House makes right move on transportation
No politician wants to raise the gas tax -- and it's an even tougher vote during an election year. So House Speaker Robert DeLeo deserves significant credit for getting behind a 5-cents-per-gallon hike to the tax, and a 9-cent boost in the diesel tax, the key part of a £600 million proposal to fix the state's roads and transit systems that was unveiled at the State House last week. The plan, and an accompanying transportation bond bill, is expected to come up for a vote in the full House as soon as Wednesday.(C) David L. Ryan/Globe Staff The state House of Representatives is considering a 5-cents-per-gallon gas tax hike and a 9-cent boost in the diesel tax, the key part of a £600 million plan proposal to fix the state's roads and transit systems
While there are some nits to pick with the proposal, at its core the House plan recognizes reality: If Massachusetts wants a transportation system that unclogs the roads, strengthens communities, and reduces greenhouse gas emissions, it'll have to pay for it. The Baker administration, which has in the past been skeptical of the need for new revenue, and the Senate, which has yet to produce a plan of its own, should take heed.
The state's transportation system, after all, is at a crisis point. In Greater Boston, the T is unreliable, and according to a scathing outside report released in December, has suffered as budgetary belt-tightening has distracted from safety. Meanwhile, transportation is the largest single source of greenhouse gas emissions in Massachusetts.
Baker has focused on the proposed Transportation and Climate Initiative, a plan to charge extra for gas as a way to combat climate change, which this board also supports. But Baker's plan and a gas tax hike aren't mutually exclusive -- and, as the House points out, the gas tax would start producing revenue faster, since TCI won't go into effect until 2022 at the earliest. The House would link the two so that once TCI's fees kick in, they would be offset by commensurate decreases in the gas tax.
The proposed increase would hardly be radical: The gas tax, which under the state constitution can be used only for roads and transit, currently stands at 24 cents a gallon; total state-imposed charges add up to 26.54 cents a gallon. According to the American Petroleum Institute, that total is lower than Connecticut (40.13), Rhode Island (35 cents), and Vermont (30.81 cents). In California, state gas taxes total 60.6 cents a gallon. Gas taxes can be regressive, since poorer people tend to spend more of their income on gas and may have no alternative to driving.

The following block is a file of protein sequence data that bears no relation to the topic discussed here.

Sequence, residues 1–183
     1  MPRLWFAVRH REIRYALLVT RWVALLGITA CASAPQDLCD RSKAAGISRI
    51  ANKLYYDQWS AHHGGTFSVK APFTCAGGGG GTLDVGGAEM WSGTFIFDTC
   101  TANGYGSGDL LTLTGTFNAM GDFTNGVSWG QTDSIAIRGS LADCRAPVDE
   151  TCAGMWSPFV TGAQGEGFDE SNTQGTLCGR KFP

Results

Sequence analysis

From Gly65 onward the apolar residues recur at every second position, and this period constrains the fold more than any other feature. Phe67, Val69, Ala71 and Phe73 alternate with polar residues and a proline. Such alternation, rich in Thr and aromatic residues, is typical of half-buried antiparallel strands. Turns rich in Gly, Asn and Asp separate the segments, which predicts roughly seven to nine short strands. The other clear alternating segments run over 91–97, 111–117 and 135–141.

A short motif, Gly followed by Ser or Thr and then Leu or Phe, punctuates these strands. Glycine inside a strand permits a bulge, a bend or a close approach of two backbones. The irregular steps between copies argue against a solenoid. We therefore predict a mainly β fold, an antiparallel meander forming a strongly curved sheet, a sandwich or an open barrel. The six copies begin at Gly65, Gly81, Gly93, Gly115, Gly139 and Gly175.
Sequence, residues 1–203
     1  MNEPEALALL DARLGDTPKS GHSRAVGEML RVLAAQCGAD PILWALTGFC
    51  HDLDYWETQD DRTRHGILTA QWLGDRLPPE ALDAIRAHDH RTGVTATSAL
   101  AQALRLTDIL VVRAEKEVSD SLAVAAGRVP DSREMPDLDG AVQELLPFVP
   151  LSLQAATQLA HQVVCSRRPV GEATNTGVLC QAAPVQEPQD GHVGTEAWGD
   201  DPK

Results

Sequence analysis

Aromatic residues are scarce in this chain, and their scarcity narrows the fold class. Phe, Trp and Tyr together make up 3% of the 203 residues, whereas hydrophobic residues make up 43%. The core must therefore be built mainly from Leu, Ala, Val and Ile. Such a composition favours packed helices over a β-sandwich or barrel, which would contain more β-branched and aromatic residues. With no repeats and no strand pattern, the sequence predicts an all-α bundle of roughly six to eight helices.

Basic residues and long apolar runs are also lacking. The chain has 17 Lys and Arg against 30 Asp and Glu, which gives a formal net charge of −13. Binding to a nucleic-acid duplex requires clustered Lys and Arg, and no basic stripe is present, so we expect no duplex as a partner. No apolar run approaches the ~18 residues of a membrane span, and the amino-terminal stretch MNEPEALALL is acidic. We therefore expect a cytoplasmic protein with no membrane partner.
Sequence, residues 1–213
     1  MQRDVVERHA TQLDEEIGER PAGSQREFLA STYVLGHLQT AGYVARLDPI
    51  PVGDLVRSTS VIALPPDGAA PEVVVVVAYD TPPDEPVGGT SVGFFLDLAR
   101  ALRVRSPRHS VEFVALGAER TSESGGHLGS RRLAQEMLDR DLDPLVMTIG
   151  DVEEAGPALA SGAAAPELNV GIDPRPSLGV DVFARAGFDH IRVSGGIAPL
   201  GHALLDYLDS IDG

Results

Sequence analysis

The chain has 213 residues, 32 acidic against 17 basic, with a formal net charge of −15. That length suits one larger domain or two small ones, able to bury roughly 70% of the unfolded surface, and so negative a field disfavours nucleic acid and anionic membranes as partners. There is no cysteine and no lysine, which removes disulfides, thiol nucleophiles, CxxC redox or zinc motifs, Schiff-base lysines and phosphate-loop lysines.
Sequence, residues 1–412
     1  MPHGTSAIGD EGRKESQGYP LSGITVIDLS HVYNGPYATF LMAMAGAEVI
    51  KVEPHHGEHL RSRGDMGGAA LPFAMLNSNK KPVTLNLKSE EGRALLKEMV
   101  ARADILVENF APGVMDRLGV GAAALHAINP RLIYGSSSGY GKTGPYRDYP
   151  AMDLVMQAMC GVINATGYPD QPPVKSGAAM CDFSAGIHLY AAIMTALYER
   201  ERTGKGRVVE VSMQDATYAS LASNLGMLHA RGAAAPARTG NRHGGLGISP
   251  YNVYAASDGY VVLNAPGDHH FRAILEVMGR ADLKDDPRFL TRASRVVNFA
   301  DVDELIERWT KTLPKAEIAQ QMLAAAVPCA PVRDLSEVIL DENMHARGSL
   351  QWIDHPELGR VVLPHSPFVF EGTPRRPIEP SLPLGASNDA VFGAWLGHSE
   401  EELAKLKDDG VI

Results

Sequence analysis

The House proposal attempts to spread the burden by also raising the fee on ride-hailing services like Uber and Lyft, boosting the corporate tax minimum, and subjecting rental car companies to the state's auto excise tax. So about those nits. First, the House bond bill doesn't contain language that Governor Baker requested that would reform contracting on transportation projects; the administration says that if it had that authority it would be able to deliver improvements faster.
The House also tries to have it both ways on Uber and Lyft. The proposal would create a tiered fee structure to encourage riders to use shared rides like UberPool, thus cutting congestion and pollution -- but also prevents the companies from passing along those fees to riders. It's hard to see how the fees can change users' behavior if they don't actually see the charge.
The House bill also punts on road pricing -- that is, charging variable tolls that rise during rush hour to spread out traffic -- by creating a commission to study the idea. Lawmakers have filed dozens of amendments, and the Senate is working on its own plan. Hopefully, what emerges goes bigger on congestion pricing and restores the contracting reforms the governor requested.
But the House bill gets the big picture right: The state needs more revenue to fix its aging infrastructure and invest in cleaner transportation, and it needs it now.